I dropped him and his companion off at 2nd Street and said goodbye. As my brother, Christine, and I drove home, I geeked out and giggled a bit.
My brother, “Why are you so happy?”
Me, “Well, I love to fly to London. Love it. I love that flight and it is so nice to now have a person and a face to the faceless people behind the locked door flying the plane.”
My brother, “Oh.”
Me, “And best yet, it is much better to find out that one of your badass Glamis friends is my pilot on my favorite flight than some boring suburban dude, as he will most likely know exactly what to do in the case of an emergency.”
My brother laughed at this.
No really, I love traveling but after 9-11 flying has gotten very un-fun, so it was delightful to meet a pilot who flies my favorite route between LAX and London who is a friend of the family and is a really nice, cool guy. A guy that was at the Grand Prix, a guy who is a part of my brother’s Glamis pack of friends, a guy who pilots planes between LA and London and LA and Tokyo.
This makes me happy.
I know it is much cooler to be wearing a bluetooth one ear-ed headset these days than a two ear-ed wired headset, but I am currently a HUGE fan of the Nokia hs-43 wired headset and don’t even know where my fancy pants expensive bh-602 bluetooth headset is (somewhere in the bowels of my purse).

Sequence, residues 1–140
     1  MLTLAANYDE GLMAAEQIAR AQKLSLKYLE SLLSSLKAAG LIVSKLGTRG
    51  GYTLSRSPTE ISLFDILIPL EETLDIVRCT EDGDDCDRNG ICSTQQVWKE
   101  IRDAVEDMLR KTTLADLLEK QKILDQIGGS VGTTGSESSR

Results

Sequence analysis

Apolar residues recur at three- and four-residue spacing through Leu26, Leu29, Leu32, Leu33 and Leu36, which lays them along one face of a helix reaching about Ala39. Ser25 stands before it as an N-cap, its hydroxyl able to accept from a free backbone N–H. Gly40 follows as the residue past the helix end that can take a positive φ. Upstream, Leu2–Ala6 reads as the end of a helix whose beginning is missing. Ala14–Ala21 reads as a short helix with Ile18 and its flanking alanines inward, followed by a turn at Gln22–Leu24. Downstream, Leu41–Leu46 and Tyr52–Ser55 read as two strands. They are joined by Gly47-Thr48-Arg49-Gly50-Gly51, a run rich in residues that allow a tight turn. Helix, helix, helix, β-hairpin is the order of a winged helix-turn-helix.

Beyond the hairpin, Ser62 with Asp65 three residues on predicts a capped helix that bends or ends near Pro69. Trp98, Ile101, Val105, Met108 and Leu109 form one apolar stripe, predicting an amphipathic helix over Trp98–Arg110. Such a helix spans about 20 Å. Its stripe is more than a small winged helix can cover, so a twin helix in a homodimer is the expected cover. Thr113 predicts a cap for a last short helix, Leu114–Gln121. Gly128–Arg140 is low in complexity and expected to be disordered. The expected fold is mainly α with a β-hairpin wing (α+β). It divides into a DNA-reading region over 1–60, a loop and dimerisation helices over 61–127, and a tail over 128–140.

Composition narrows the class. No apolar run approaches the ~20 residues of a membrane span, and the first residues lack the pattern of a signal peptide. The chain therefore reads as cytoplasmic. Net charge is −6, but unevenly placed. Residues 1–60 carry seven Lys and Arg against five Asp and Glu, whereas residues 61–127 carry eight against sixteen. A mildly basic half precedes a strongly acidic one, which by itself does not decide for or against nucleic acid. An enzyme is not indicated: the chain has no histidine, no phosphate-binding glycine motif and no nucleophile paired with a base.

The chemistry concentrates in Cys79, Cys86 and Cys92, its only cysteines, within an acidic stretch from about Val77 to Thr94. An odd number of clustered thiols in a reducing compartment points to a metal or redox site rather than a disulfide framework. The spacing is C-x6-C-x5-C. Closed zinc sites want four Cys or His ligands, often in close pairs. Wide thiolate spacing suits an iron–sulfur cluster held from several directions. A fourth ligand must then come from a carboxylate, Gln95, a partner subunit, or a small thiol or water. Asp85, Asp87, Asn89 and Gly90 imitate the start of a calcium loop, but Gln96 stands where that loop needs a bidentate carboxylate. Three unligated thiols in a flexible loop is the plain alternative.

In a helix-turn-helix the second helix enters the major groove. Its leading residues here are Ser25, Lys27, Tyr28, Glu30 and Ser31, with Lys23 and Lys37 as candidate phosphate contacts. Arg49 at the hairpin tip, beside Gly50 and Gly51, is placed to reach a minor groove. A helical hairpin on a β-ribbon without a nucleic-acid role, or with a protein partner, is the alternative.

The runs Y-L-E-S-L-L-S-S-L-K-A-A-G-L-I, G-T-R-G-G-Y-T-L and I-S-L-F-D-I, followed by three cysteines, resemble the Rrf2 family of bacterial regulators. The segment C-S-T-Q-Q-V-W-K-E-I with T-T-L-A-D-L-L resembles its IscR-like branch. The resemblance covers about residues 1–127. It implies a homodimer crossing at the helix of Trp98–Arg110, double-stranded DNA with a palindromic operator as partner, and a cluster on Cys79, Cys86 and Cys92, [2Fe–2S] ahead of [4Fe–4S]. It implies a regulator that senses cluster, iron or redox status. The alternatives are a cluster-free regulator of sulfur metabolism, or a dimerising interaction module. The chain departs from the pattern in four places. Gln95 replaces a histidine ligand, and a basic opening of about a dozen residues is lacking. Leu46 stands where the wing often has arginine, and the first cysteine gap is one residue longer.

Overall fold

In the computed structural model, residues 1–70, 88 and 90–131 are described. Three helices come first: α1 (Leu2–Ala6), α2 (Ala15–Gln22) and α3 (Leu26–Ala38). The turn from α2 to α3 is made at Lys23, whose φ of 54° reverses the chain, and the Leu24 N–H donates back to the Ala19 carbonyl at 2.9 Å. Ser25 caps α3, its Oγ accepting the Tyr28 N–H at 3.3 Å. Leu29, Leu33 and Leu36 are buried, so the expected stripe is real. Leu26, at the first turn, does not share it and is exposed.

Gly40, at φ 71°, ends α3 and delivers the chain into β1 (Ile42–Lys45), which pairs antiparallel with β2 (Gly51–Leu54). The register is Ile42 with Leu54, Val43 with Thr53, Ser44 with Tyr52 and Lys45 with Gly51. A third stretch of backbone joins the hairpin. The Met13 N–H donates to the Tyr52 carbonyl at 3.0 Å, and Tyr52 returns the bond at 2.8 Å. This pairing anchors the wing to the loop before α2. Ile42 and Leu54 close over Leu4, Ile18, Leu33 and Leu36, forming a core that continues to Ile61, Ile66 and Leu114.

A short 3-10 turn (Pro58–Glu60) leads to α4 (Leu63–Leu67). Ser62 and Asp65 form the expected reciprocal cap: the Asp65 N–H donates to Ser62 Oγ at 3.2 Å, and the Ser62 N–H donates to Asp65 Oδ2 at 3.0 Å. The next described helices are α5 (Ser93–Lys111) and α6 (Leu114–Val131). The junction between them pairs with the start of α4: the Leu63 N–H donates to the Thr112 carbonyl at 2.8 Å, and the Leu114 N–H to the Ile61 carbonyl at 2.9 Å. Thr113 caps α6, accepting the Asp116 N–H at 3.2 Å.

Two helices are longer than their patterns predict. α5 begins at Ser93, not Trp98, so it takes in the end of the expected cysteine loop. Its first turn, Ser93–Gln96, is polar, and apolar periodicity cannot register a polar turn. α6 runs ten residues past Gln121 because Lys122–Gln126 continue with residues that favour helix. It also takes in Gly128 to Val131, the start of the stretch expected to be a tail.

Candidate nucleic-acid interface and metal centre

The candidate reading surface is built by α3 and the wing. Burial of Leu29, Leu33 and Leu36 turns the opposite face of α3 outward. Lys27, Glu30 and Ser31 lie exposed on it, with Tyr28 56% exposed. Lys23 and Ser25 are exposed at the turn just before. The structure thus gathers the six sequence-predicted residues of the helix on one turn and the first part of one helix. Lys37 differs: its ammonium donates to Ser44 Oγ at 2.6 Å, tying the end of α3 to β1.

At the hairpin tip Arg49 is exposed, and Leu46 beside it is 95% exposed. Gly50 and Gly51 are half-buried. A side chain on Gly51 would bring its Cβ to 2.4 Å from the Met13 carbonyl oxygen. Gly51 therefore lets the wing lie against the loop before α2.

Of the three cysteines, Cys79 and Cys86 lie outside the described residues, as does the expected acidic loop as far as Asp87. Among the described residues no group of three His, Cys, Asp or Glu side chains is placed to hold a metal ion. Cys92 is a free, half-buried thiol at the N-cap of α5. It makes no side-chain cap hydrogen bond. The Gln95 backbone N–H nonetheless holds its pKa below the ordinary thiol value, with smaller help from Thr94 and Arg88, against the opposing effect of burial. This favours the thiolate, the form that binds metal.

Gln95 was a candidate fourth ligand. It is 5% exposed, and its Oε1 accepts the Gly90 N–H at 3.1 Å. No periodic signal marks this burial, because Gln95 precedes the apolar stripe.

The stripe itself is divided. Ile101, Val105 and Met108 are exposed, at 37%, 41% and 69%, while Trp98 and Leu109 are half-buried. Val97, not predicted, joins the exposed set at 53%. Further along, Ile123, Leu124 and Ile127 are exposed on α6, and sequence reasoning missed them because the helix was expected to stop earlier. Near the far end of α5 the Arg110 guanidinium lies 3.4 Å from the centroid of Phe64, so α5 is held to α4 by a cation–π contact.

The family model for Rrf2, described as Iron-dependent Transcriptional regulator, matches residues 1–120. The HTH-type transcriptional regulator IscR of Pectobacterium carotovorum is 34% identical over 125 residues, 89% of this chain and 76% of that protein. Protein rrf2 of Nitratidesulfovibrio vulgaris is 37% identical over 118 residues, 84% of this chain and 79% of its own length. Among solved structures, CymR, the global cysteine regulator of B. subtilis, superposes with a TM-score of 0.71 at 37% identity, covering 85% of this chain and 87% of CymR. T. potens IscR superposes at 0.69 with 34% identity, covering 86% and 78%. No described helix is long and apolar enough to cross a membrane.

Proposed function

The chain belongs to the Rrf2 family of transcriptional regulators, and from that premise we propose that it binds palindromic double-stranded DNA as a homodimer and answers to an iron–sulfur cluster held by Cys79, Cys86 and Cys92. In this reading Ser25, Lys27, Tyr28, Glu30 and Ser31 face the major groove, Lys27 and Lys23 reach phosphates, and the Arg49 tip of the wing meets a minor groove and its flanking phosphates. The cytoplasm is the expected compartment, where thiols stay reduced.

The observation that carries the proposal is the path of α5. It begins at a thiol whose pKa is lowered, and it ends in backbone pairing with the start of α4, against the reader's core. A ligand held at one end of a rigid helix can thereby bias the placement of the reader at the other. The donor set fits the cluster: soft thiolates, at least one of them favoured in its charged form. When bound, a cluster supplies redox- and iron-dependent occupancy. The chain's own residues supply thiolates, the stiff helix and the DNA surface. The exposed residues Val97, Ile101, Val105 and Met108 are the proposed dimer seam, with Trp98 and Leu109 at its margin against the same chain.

Since July 1st, those of us who live and drive in California are to have hands-free wireless devices whilst driving. You can talk on your mobile while driving, but you have to have both hands on the wheel and your headset on, not that most SUV drivers obeying the law. We won’t talk about the lady with her phone glued to her ear in the GMC Yukon XL who nearly ran me off the road today, no, not at all, we won’t talk about her nor bailouts for auto companies that build such behemoths.
No, what we will talk about is cute, small, efficient, good design by forward thinking companies…. Nokia, thanks for two good products that make my life easier.
I like the way that the Nokia BH-602 bluetooth headset will shape to the back of my ear, but I don’t like how I can’t hear in stereo and when I am walking or out in the big wide public my friend on the other end of the call asks if I am in a wind tunnel. I also have lots of music loaded on the microSD chip both in my N95 and in the Nokia viNe loaner N82 mobiles and it is very hard to listen to music in a one ear-ed bluetooth headset. Also due to having a small ear, the bluetooth headset even when properly shaped to my ear, flops around making it hard to hear.